- State health insurance exchanges are likely to see more disruption in the health insurance market with some payers either leaving the individual consumer marketplace or limiting their offerings in the coming year. The health payer UnitedHealthcare is not the only one leaving the health insurance exchanges.
Blue Cross and Blue Shield of Minnesota is also moving away most of their plans from the individual market or their state’s health insurance exchange, according to a company press release.
In 2017, consumers should be prepared to see only Blue Plus HMO plans from Blue Cross and Blue Shield of Minnesota sold through the health insurance exchanges. This particular health plan will be able to offer accountable care organization services among families and individual consumers, the release states.
It is also important to note that policies sold through employers or via state public programs will not be impacted by the payer’s change in status and move away from the health insurance exchanges.
Another key part of the notice is that the individual market is undergoing very transformative changes that are leading to major spikes in prices for consumers as well as the health payer. Changes in health plan participation have also been volatile and may have affected the payer’s move from the individual market.
This change in status will be affecting more than 100,000 individuals across the state of Minnesota who will need to pursue other options for their medical coverage through the health insurance exchanges.
Blue Cross Blue Shield of Minnesota expects to see a loss of $500 million through the individual marketplace over the course of three years if it continues to operate via the exchange, National Public Radio reported.
The payer also reported in a media advisory that it had lost as much as $265 million in 2015 because the the cost of medical care was far greater than the price of their monthly premiums.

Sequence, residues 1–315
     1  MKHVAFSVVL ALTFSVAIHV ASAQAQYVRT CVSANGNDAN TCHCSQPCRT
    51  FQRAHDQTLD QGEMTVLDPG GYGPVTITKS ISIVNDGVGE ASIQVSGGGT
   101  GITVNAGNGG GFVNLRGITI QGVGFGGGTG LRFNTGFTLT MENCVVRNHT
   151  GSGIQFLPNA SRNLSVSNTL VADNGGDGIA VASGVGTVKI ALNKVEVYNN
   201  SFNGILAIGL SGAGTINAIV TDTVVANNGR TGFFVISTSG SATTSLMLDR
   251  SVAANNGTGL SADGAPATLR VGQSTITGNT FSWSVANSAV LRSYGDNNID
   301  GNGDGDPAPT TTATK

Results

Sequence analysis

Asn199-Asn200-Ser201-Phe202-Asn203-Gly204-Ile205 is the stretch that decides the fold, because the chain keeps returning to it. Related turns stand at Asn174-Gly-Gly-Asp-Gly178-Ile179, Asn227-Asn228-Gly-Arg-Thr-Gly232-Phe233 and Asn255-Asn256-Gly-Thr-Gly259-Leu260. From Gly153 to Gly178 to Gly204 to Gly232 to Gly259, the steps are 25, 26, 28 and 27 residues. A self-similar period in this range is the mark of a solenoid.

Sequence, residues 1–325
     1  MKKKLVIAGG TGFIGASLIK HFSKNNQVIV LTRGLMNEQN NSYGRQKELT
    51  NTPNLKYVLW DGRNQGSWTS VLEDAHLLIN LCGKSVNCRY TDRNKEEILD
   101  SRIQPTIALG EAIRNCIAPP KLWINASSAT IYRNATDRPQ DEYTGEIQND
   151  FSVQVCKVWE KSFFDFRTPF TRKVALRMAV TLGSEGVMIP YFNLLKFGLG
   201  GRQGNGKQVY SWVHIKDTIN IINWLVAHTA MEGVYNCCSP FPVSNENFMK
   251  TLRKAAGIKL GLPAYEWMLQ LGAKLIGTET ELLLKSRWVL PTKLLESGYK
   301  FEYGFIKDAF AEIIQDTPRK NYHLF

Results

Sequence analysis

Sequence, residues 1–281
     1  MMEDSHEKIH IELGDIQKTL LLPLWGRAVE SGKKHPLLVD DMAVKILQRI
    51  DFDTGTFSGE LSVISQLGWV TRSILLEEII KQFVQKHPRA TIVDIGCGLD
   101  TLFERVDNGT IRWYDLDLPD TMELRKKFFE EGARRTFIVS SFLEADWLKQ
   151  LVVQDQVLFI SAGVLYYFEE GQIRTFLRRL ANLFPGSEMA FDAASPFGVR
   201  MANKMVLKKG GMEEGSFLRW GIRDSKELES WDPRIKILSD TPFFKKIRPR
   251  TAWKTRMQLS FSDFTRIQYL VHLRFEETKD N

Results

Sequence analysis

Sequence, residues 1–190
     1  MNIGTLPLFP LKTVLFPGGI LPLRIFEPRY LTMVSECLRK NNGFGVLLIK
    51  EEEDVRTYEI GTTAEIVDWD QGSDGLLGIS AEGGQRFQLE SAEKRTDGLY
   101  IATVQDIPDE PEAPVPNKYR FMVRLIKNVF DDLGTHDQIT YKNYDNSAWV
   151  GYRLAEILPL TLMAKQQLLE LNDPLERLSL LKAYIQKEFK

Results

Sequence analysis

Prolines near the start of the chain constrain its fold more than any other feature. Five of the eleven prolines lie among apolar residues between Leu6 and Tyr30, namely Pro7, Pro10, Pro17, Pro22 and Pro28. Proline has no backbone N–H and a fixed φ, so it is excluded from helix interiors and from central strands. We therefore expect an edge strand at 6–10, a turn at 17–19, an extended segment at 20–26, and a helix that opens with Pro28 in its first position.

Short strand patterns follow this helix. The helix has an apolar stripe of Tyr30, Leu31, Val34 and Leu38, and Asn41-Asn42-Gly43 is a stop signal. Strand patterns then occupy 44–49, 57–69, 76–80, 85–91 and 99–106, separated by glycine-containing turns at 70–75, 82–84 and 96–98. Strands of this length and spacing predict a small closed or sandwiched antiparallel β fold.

UnitedHealth Group Inc. also stated at the end of last year that it will most likely leave the federal and state health insurance exchanges starting in 2017. The profit loss and financial risk of selling plans on the exchanges were too great for this major health payer as well. In 2015, the company fell victim to a quarter of a billion dollars in losses. Ever since UnitedHealthcare announced its plan to leave the exchanges, experts questioned whether this move will affect other payers.
“UnitedHealthcare doesn’t feel like it can stay profitable in that group of business and it would indicate that others might be struggling as well,” Merrill Matthews, a resident scholar at the Institute for Policy Innovation, told HealthPayerIntelligence.com.
“Several insurers came out and said that they’re still committed to being here, but it might indicate the death spiral that we’re concerned about in the exchanges,” Matthews continued. “There’s been a long-running concern that what the exchanges will ultimately be is the place where the people who are the sickest and need subsidies from the federal government will reside.”
“The question comes about – would even some of those people be able to buy cheaper insurance, even considering the subsidies, outside of the exchange if a death spiral initiates. If so, does that ultimately make the exchanges unworkable?”
Clearly, there is some volatility in the individual market that is causing some payers to rethink selling their health plans through this platform. While a few payers may have jumped out of the market, others are raising their premium prices further over the coming year.
The Associated Press reported that the cost of an individual plan in the state of Nevada will rise 15 percent in 2017. Consumers should expect a variety of changes regarding their medical coverage in the coming years due to transformations taking place in the individual marketplace.